Older People Living with Cancer

Peer advocates supporting older people affected by cancer

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Cancer Equality launches Ethnic Minority Cancer Awareness Month 2015

Cancer Equality launches Ethnic Minority Cancer Awareness Month 2015 – to raise awareness, empower communities and save lives.
National charity, Cancer Equality,is launching this year’s Ethnic Minority Cancer Awareness Month (EMCAM) in July, with the aim of raising awareness of bowel cancer and the importance of screening among Britain’s ethnic minority communities. The campaign also aims to help individuals take up the services that are available to them – with the aim of saving lives.

The campaign is supported by Public Health England and by Bowel Cancer UK, with the charity providing speakers and resources.

Someone in the UK is diagnosed with bowel cancer every 15 minutes. That’s 33,218 men and women every year, with 12,871 cases proving fatal.


Ethnic minority communities, which make up 14% of Britain’s population, can be particularly at risk, because awareness of cancer and uptake of some cancer services, including screening, are lower in those communities. That means people from ethnic communities tend to be diagnosed when the disease is more advanced, which can lead to poorer survival rates.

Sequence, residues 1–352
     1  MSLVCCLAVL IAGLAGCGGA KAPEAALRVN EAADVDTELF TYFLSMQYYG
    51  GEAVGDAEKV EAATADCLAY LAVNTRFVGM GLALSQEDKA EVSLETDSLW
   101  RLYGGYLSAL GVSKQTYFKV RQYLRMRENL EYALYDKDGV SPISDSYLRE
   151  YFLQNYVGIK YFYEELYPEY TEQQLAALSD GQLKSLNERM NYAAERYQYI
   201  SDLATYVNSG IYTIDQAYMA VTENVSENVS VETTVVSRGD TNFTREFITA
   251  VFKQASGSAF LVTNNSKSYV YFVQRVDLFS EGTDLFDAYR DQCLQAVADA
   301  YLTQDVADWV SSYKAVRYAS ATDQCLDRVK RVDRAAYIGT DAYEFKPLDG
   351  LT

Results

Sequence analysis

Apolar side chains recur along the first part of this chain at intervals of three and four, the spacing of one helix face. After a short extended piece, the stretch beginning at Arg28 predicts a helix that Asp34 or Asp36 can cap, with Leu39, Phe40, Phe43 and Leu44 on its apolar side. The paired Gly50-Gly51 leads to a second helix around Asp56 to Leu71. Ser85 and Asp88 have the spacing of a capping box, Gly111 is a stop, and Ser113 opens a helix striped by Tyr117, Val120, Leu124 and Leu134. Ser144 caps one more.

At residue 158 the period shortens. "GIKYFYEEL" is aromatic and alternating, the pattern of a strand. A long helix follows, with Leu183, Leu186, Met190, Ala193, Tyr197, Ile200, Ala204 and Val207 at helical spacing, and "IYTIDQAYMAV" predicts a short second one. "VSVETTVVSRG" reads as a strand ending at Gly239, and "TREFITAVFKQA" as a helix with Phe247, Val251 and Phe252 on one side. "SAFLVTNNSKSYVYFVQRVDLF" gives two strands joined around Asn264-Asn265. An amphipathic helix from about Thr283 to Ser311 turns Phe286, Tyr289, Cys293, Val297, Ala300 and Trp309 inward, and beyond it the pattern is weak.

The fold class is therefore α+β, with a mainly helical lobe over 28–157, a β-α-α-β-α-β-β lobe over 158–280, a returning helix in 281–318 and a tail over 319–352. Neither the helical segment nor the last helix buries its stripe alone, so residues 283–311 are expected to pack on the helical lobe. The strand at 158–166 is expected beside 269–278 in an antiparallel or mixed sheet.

EMCAM 2015 aims to tackle those issues, by working with four regional organisations – Croydon BME Forum (London), Black Health Initiative (Leeds), Birmingham Empowerment Forum (Birmingham) and CanSurvive (Manchester).

By working with local organisations that already have close links with ethnic minority communities, Cancer Equality aims to reach as many people as possible throughout the campaign, across the South East, West Midlands, North and North West.

With support from Cancer Equality and Bowel Cancer UK, the four regional organisations will run a range of awareness raising events and activities during EMCAM, aimed at different ethnic minority communities.


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Encouraging news re Dying at Home

New information collated by the National End of Life Care Intelligence Network

Published: 26 June 2015

PHE’s National End of Life Care Intelligence Network (NEoLCIN) works with partner organisations to collect, analyse and present end of life care intelligence from a wide variety of sources. This report summarises the key findings of the network and its partners over the last year. Although much of the research has been published previously, this is the first time it has been brought together in one place.


New findings show there is a growing understanding within the health sector of what is important to people at the end of life.

Key findings from the report include:

The proportion of people dying at home or in care homes continues to increase